My first thought was White Wolf’s Storyteller system until I realized I was just thinking of the dice pool/system resolution, not the sheer level of fiddly crunch that goes into my favorite of its game lines (Exalted, Werewolf, Mage), two of which have stupid-high learning curves. (Exalted’s rules fit the “ornate richness” bill, though.) Something like Adventure!—stripped down Storyteller, fast and streamlined—I’d say is ideally elegant. Star Wars d6 is one of the most elegant systems ever devised—and I say this being less of a fan of d6 compared to my friends. CthulhuTech’s Framework is pretty elegant on its own, ignoring the weird tier effect when your party is a dude in a two-story living mech, a dude in a killer mythos symbiote suit, and Bob the guy with a shotgun. I hate to sound like a raving fanboy, but my prime candidate for an “elegant” game is Fate—simple and streamlined, yet with a surprising amount of heft to its crunch, and a lot of versatility. Hence why I keep trying to run a real, full campaign with it. Houses of the Blooded fits the same bill.
Deadlands is a crunchy game with three layers of mechanics (dice, cards, chips), with sub-mechanics on each layer. Heck, most things have their own mechanic to keep track off (knacks are new chip mechanics, relics are a free edge and hindrance, spells use different card draw levels, et al). It’s nowhere near the high-end of crunch on the RPG scale—it’s not D&D, or even old White Wolf, and something like HERO, the Warhammer 40k RPGs, or GURPS make it look downright light—but compared to the games of its era it’s not very simple; in fact, it’s pretty damn complicated. It’s a bit bloated and clunky when you have different mechanics for resolving everything, and that can make it user-unfriendly. (Also, it requires more dice than the average gamer owns.) Also interesting to note that Deadlands creator Shane Lacy Hensley found his own game bogged down in combat, and broke out the Great Rail Wars rules for big battles.
Simple? No. Elegant? Depends on your preferences. I think the system has great depth and complexity, but that’s the exact opposite of simple and elegant. I also say it’s pretty brutal; coincidentally, so is Dresden.
Why Don’t I Use Deadlands Reloaded?
I realize most gamers love Savage Worlds, but its popularity eludes me—I’ve never particularly liked the system. (Yes, I have played in it; three different games, two different GMs, somewhere around five sessions before we all got bored and went to another system.) In fact, I find it pretty lackluster and a clumsy mess, particularly Reloaded. Savage Worlds just feels odd when everyone’s a bog-standard human, and Reloaded made it a lot easier on characters in general (which takes away some of the typical Deadlands flavor) while taking away some of the gnarly style/substance mechanics (poker draws for everyone, neat chip effects) that fans had to kitbash into the system. While most (if not all) of its settings and Plot Point campaigns are brilliant and/or unique, the system’s many eccentricities astound and annoy me. It’s something like an indie-storygame but for D&D players: safe and accessible because it can use miniatures and has tactical rules, but is rules-light enough to be considered a new, weird, unique system.
It’s a cinematic game that uses miniatures (being derived from the Deadlands miniatures game, Great Rail Wars); it has a low standard difficulty (4) yet someone who’s buffed themselves to a godlike d12 fails 33% of the time on that die (and 66% of the time on their Wild Die d6); higher-level combat is toothless until someone penetrates a PC’s armor and they explode into meat chunks; its Plot Point campaigns have the bad habit of ruining all the world’s secrets, and even screwing over world-specific races; the early books were dominated by the equivalent of the Microsoft Paperclip, Smilin’ Jack, with his overblown tough-guy talk.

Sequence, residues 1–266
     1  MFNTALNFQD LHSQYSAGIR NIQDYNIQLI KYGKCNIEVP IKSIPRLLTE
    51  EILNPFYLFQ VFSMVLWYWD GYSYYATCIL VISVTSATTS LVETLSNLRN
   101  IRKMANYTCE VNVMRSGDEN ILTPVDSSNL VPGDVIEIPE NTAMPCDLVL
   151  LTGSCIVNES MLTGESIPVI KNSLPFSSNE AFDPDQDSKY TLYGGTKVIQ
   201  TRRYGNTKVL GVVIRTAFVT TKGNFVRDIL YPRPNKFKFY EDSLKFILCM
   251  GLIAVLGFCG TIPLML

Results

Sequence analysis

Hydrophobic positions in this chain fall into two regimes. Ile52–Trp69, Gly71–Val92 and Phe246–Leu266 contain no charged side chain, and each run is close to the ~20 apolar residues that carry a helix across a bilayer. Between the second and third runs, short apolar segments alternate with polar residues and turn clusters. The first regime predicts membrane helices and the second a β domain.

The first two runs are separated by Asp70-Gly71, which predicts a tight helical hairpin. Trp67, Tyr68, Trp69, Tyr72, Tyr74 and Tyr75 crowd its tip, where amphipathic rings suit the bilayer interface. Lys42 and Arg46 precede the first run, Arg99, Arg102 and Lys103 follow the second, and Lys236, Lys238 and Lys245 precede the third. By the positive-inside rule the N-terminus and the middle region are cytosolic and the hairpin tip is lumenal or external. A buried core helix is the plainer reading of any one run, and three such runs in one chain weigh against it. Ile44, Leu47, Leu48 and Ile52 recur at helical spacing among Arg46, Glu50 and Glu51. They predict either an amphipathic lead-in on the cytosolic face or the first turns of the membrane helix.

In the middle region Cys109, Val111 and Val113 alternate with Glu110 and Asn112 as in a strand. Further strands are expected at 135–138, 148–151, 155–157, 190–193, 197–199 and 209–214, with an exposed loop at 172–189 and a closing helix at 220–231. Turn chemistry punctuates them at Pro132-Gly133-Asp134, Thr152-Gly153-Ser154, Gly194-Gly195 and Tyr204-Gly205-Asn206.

It’s a tactical game where the tactics don’t matter. It’s a cinematic game where it’s a challenge to be cinematic. It’s a generic toolkit, which often leaves things flavorless. It takes parts of Deadlands (most of the rules; die types, card initiative, etc.), Star Wars d6 (wild die and feel), TORG (action deck, health system, test/trick/taunt), and D&D (the tactical parts), throws them into a pot, and Savage Worlds is the result; hence why the mechanics can be disjointed and over- or under-developed. (Why does it use cards? Because Deadlands used them for initiative and TORG had its action deck, and both of those were cool, so we’re using them too. That makes us cool, right?)
For having “Fast, Fun, Furious” as its tagline, it may be speedy and efficient, but I didn’t have a ton of fun, and “furious” seems a bit out-of-place. Unless that referred to Smilin’ Jack.
To me, it straddles the fence precisely at the awkward middleweight position in the gaming hierarchy, enough so that it becomes a hindrance: why not move up a step and play a real game with more developed and crunchier mechanics (e.g. Classic Deadlands, 7th Sea, White Wolf, TORG), or move down a notch and play something more versatile and rewarding of cinematic action (e.g. Fate)? To me, Fate does everything Savage Worlds is supposed to do and (for me) didn’t: you can have fast, furious combat (even on the mass scale); it doesn’t need any more bookkeeping or GM prep; it’s a generic toolkit game which easily becomes flavorful and connected to a setting/campaign; and play is a lot more fun (because of its unpredictability and versatility) while being very rewarding as well.